From there, a set of instructions or suggestions is given to allow one’s own images or imagination to guide him or herself toward the method of relieving symptoms. This can also include discovering images that have a message about particular symptoms or a condition, which can offer insight, understanding or better control of the physical concerns. Visualization exercises include graphic or vivid images that are held in the mind that produce healing and comfort. Moreover, the repetition of these exercises causes learning or a conditioning effect, so that the positive physical changes can eventually become available wherever and whenever the patient chooses to use them. Imagery is not necessarily just visual, but rather the use of all the senses. It can become more vivid if it is made bright and clear - that is, effort is made to actually hear, fell smell or even taste the imagined scene. How long one focuses on the techniques is less important than how regularly they are practiced - a few minutes every day can reap greater benefits than spending more time on it less often.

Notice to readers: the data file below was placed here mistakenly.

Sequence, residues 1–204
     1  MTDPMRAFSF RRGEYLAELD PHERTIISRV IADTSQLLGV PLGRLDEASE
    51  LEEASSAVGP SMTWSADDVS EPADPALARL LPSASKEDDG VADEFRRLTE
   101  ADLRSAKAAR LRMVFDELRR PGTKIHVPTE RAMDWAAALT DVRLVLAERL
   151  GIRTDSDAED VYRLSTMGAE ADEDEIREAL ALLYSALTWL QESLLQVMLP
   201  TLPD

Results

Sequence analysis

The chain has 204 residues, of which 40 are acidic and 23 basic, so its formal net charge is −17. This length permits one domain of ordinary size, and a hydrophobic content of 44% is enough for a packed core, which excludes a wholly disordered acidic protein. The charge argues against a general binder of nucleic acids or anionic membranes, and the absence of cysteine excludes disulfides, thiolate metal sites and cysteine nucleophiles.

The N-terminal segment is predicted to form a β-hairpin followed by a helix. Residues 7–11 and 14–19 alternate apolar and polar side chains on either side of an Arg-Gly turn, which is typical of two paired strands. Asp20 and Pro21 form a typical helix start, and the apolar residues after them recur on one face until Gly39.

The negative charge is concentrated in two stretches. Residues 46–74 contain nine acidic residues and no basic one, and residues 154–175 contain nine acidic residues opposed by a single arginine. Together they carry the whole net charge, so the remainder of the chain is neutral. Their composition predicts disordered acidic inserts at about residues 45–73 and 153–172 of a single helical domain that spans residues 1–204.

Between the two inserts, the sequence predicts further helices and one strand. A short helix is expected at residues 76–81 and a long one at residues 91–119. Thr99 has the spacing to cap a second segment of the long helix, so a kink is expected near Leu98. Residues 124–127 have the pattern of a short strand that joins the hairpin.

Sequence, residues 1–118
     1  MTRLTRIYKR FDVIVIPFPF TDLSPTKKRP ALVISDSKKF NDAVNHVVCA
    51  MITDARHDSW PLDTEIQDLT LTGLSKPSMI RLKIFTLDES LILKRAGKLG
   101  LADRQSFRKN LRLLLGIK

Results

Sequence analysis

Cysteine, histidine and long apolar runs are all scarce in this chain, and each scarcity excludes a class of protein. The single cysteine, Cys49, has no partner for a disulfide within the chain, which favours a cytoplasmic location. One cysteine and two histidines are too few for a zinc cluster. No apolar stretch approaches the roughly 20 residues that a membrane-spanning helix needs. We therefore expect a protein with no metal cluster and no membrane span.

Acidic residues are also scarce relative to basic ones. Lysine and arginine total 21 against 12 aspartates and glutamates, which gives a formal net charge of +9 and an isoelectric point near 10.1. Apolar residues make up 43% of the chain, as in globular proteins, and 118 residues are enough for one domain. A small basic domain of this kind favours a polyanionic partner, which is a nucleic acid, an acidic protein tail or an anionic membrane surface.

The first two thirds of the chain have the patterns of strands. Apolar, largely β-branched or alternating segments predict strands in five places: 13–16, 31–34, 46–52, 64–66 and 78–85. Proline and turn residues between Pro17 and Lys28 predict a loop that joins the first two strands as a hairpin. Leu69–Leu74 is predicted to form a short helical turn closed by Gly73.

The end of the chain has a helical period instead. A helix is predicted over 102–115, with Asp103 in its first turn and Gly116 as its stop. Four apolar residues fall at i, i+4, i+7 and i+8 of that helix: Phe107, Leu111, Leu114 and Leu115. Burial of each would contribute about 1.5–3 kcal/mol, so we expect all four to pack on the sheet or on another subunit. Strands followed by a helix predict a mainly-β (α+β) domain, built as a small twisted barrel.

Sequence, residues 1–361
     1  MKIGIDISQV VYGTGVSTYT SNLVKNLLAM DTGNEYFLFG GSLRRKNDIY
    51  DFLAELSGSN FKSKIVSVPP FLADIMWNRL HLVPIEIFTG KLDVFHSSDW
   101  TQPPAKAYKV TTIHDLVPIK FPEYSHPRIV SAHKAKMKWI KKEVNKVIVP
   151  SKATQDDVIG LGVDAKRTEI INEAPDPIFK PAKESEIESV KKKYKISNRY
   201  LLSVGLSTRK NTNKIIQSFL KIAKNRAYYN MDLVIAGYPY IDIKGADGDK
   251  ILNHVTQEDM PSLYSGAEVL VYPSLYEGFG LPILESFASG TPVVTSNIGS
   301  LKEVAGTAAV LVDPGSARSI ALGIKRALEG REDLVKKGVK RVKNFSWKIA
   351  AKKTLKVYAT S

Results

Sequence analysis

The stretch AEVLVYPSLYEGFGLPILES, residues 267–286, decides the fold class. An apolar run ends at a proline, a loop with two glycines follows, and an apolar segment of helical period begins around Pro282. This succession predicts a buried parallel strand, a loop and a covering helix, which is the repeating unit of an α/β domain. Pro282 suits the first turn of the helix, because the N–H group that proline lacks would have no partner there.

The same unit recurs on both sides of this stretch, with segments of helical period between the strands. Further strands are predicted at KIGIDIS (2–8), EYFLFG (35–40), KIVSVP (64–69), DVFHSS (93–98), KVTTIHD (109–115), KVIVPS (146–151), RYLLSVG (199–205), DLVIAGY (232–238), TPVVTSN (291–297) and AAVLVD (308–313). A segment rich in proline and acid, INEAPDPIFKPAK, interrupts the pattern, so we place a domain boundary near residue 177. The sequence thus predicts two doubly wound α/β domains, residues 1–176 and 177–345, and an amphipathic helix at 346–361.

Are there any side effects or indications where guided imagery should be avoided?
There are no known contraindications for using guided imagery. This is not a technique, however, that should be incorporated into patient care when a client is uncomfortable about using it for personal or spiritual reasons. Mind-body approaches should be used in conjunction with, and not in place of, indicated physical therapies.
Is there a governing body that oversees or credentials practitioners of guided imagery?
The Academy for Guided Imagery (AGI) has a Professional Certification Training Program that provides in-depth training in Interactive Guided Imagerysm, or IGIsm. (The "sm" that follows the title stands for "service mark" and provides proprietary protection for a service similar to a trademark for a product). There are no titles for practitioners to use after their names. However, only those practitioners who have been certified by the AGI may represent themselves as practicing Interactive Guided Imagerysm or IGIsm.
How does one get in touch with a practitioner of guided imagery?
You can get a referral to a practitioner of guided imagery by contacting the website of the Academy for Guided Imagery (AGI) or 800-726-2070.
Are there other therapies that might work well in conjunction with guided imagery?